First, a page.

“Oh, geez. I’ll shut up. I’m sorry, I don’t know why I’m telling you all of this. I’m Larry, by the way,” he said.
             “Don’t be sorry, Larry—yes, exactly, and a one-second pour of the vermouth—”
             “I should just tell her not to come. This was a stupid idea in the first place. She’s a character. Just really too much. You may have heard of her, actually. Political royalty, you know. Well, sort of. Upper East Side Manhattan, daughter of a senator. We were part of this group together. She’s friends with the Dalai Lama, too. There’s your drink.”
             There it is, indeed: the inaugural gin martini. I thankfully drink a mouthful and pull it to my bosom.
             “Larry, were you in love with Marla?”
             “What? No!”
             “So, what? Is she blackmailing you? Why are you so nervous?”
             Larry has an easy laugh and a fresh beer in his grip.
             “Well, I’ll admit I might have been attracted to her. But there was never anything that happened between us. You’ll see. She’ll get here and you’ll see what I’m talking about. That is, if she actually comes. And if you stay, which I hope you’ll do.”

             I’m alone in Thailand, which is unremarkable. I travel solo most of the time, which I enjoy in every aspect except for the ubiquitous response from men I meet along the way, who express disbelief that I would undertake such a dangerous activity, and offer unsolicited follow-up advice. One example: Upon arrival at JFK Airport after a month-long trip to Japan, the immigration official who stamped my passport decided to make some small talk: By yourself, huh? There’s no way I’d ever let my daughter go by herself all the way to Asia. I didn’t bother to inquire whether his daughter was a child, or if she were a woman in her thirties, as I was.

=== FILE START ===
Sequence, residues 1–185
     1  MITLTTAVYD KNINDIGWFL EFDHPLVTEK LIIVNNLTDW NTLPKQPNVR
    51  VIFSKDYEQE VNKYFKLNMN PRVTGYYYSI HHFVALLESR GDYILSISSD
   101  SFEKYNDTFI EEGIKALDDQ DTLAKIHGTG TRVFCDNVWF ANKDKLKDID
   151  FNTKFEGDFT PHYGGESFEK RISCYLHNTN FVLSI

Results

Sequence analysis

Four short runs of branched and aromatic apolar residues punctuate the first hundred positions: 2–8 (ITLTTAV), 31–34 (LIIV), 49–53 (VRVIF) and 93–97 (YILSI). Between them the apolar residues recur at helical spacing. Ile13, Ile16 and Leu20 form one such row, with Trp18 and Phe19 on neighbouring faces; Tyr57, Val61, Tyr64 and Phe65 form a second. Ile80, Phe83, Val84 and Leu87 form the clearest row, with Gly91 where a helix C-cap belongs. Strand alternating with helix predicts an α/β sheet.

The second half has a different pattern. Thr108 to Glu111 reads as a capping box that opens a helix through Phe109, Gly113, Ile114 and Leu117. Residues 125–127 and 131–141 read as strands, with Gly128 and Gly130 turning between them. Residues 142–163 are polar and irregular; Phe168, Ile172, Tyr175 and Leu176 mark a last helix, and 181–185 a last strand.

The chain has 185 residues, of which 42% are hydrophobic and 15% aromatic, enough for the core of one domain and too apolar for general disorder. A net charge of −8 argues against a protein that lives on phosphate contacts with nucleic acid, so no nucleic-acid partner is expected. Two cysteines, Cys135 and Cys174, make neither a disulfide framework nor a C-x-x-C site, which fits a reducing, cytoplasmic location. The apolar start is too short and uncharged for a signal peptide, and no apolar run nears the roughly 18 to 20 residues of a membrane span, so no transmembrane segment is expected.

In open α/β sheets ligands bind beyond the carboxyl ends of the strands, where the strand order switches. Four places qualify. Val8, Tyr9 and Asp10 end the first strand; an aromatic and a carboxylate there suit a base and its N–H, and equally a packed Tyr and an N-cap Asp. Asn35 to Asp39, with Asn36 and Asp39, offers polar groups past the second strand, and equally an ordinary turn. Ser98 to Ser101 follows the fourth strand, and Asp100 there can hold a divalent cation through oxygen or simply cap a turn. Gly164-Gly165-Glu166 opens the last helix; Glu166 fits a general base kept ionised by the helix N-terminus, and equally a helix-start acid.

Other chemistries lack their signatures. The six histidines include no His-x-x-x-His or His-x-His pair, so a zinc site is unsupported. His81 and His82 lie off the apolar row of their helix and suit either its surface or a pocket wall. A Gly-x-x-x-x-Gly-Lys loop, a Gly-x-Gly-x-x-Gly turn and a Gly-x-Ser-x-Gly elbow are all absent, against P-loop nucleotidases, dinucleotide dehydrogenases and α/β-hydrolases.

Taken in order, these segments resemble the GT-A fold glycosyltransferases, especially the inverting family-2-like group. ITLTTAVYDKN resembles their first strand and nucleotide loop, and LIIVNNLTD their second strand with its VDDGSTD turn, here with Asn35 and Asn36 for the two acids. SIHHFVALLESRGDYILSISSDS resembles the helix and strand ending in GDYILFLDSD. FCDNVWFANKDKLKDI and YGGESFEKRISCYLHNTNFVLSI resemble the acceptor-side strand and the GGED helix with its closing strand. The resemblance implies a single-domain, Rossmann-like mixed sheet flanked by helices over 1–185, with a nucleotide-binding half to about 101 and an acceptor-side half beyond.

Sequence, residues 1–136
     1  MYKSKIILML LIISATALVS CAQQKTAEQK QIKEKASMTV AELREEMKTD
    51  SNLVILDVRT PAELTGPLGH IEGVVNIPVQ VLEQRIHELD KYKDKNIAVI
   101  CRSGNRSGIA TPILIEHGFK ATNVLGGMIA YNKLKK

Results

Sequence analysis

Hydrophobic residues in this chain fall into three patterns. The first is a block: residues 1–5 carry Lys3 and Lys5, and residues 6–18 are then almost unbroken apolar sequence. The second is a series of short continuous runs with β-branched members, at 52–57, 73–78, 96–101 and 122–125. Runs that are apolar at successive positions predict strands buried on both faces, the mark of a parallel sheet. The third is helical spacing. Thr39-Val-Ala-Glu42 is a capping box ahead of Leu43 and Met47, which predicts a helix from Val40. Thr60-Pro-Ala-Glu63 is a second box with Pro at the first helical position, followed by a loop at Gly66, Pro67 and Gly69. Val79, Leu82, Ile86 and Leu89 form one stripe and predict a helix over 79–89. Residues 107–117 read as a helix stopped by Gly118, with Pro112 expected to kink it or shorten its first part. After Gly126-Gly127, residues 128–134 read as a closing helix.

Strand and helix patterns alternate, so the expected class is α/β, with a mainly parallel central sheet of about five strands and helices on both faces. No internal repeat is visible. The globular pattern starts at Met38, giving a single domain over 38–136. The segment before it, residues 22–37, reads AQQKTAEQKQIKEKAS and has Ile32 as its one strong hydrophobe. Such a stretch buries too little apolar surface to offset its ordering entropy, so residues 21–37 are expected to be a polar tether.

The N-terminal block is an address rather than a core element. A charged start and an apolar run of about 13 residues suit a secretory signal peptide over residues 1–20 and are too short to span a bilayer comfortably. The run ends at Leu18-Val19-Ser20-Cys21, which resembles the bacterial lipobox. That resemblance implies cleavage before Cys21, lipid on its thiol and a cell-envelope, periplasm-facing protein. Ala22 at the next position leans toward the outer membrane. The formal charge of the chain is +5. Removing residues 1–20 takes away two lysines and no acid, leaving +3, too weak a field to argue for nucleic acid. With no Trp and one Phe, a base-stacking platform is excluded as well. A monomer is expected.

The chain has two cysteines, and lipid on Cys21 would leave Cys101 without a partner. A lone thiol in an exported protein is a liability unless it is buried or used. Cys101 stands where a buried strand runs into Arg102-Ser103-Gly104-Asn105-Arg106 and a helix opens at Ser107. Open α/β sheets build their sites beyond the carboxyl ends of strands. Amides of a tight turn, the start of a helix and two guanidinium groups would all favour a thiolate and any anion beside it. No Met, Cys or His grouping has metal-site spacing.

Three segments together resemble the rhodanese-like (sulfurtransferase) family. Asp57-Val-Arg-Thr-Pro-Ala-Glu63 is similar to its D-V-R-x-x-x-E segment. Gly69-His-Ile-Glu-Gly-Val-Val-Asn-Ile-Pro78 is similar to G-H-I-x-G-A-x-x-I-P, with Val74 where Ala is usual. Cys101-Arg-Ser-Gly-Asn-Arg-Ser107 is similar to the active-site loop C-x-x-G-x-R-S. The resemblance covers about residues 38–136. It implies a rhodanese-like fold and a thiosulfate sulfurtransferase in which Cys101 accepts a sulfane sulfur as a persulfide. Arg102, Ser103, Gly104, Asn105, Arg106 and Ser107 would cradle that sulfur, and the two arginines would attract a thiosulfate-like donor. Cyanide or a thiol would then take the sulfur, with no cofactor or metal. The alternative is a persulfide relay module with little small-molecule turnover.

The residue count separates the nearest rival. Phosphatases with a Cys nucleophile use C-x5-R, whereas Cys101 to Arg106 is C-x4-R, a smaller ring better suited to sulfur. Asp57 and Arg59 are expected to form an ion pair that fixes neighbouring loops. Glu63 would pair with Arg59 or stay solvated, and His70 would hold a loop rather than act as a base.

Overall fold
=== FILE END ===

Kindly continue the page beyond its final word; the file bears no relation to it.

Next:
This trip was no exception. At a street stand in Bangkok, a couple approached me to consult on directions, then decided to stay for noodles and conversation. The man, a dreadlocked native of New Jersey asked about my plans: And you’re alone? In Asia?! Forreal? That’s not safe. You need to tell everyone you’re here with your husband. I looked at his traveling companion, a woman who was looking away from both of us, bowing her head and smirking. She met my eye then, but stayed silent.

             We (I admit I am now past entertained; I am invested) continue waiting for Marla. Larry continues to fret.
             “I’m an idiot for waiting here. Here I am with a beautiful woman who I could be taking out to dinner. I should be getting to know you, and instead I’m talking about Marla. How about it? Would you want to go get something to eat?”
             Ugh, no, buddy. I’m your wingwoman. I demur. “No, Larry, my destiny is to drink this martini and keep you company until Marla arrives. I believe in you, Larry. You can do this.”
             On cue, a rousing chorus of hurrahs rang from the front of the bar, as if to also cheer Larry on, but in fact, no: Marla had finally arrived.

             [to be continued…]